If you’re reading this post, then you’re probably aware that there are two separate versions of the anime ‘Fullmetal Alchemist’. The original manga version was first published in Square Enix’s magazine Shōnen Gangan between August 2001 and June 2010. The first version of the anime was broadcast from 2003 to 2004, and since the manga wasn’t completed at this time, the anime was free to develop it’s own plot separate from the source material. In 2009, Fullmetal Alchemist Brotherhood was premiered and this was designed to more closely follow the plot of the manga.
There are a lot of debates within the fandom about which adaption of the story is best and which version should new fans start with, so I’m going to outline the main advantages and disadvantages of each and hopefully come to some conclusion.
(Warning: Plenty of spoilers ahead!)
The plot of Brotherhood makes a lot more sense and is a lot better thought out, which makes sense as it’s the plot which was created by the original author. The 2003 version got a bit weird and tried too hard to come up with an interesting ending for the story, taking far too many liberties with the science behind the universe. Dropping Edward in our world in the middle of World War Two was certainly original, but also pretty absurd and a lot of the rules of the Gate weren’t really established. Whereas Brotherhood made sure that the rules of equivalent exchange and how they were applied by the Gate would be fully understood.
Winner: Brotherhood. Hiromu Arakawa is a queen. Her plot is far superior and it’s clear why people felt they needed to make a new series to follow what she wrote.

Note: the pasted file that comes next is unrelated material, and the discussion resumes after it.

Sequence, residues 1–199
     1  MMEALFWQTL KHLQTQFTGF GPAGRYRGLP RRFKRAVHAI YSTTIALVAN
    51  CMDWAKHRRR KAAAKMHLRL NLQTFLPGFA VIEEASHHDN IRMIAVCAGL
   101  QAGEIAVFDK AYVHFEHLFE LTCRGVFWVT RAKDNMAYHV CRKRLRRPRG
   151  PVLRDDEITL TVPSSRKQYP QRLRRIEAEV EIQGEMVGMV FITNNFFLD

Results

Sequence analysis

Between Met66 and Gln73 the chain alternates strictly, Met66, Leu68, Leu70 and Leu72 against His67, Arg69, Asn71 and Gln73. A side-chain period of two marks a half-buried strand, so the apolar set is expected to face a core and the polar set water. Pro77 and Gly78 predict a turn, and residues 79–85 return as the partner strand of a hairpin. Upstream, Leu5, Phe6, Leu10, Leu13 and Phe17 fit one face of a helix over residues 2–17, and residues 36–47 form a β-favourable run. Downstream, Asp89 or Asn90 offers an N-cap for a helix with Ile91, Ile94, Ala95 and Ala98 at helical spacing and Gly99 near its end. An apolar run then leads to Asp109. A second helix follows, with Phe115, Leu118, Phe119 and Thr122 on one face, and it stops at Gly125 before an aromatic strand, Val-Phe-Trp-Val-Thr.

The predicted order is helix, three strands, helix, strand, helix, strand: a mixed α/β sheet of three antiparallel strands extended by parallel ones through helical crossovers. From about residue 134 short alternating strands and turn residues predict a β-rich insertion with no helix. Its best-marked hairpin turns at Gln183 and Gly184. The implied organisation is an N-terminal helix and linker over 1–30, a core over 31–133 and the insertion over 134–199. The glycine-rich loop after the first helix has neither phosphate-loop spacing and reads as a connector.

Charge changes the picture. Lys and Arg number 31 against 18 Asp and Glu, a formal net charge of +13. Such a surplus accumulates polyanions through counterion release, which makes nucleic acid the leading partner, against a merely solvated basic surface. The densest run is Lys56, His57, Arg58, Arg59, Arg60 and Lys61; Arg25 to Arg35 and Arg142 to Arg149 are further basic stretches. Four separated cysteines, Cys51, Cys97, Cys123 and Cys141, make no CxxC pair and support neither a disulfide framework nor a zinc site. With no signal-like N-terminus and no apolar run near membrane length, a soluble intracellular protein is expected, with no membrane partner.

2. Character Development
The first episode of Brotherhood got a lot of bad reviews saying that repeating events lead to a lack of suspense and because of this, a lot of key events in Brotherhood were glossed over because they assumed that their audience had already watched the 2003 version. For example, in Brotherhood Maes Hughes pops up briefly three or four times before he dies, whereas in 2003 the audience is given time to see his relationships with all of the other characters before his death and his character is developed in a lot more depth. This means that his death is a lot more hard-hitting in the 2003 version, because they’ve allowed the audience to become attached to him, whereas in Brotherhood, it’s just assumed that you already know who he is and how important he is to the other characters. Therefore, anyone who has only watched Brotherhood won’t find Hughes’ death nearly as traumatic as the 2003 viewers would.
Winner: 2003. I will never get over Hughes’ death.
3. Unique characters.
I will always love the 2003 version of Wrath. He was adorable and you really felt for him and sympathised with him regardless of what he did. But I have to give this one to Brotherhood. If you missed out on Ling and his guards, then you really need to give Brotherhood a watch.
Plus, 2003 missed out the Armstrong sister Olivier, a high ranking military officer with a great deal of power who isn’t once sexualised (a rarity for any form of media).
4. Character Design
Brother definitely has an advantage with the character designs. For one thing, Edward actually grows up and it has a much more realistic grasp of time and aging.
There’s also the way that the two animes deal with the restored version of Alphonse. In the 2003 version, his body hasn’t aged since he performed the human transmutation, and he dresses like a miniature version of Ed.
Whereas in Brotherhood, there’s a much more realistic depiction of what happened when Al’s body was left at the gate, and he initially appears incredibly malnourished, which better ties into the theory that Edward eats and sleeps so much because he’s providing the nutrients for both of them.
Winner: Brotherhood. A far more realistic depiction of how the characters would look.
5. Hohenheim’s Back story
Both plots heavily rely on the reason behind Ed and Al’s father Hohenheim abandoning them while they were young.
In the first anime, Hohenheim used the Philosopher’s Stone for hundreds of years to switch from body to body in order to prolong his life with his lover Dante. After meeting Trisha, Hohenheim decides to stay in his current body but as his body started deteriorating, he realizes that he can’t lead a normal life and has to leave his family.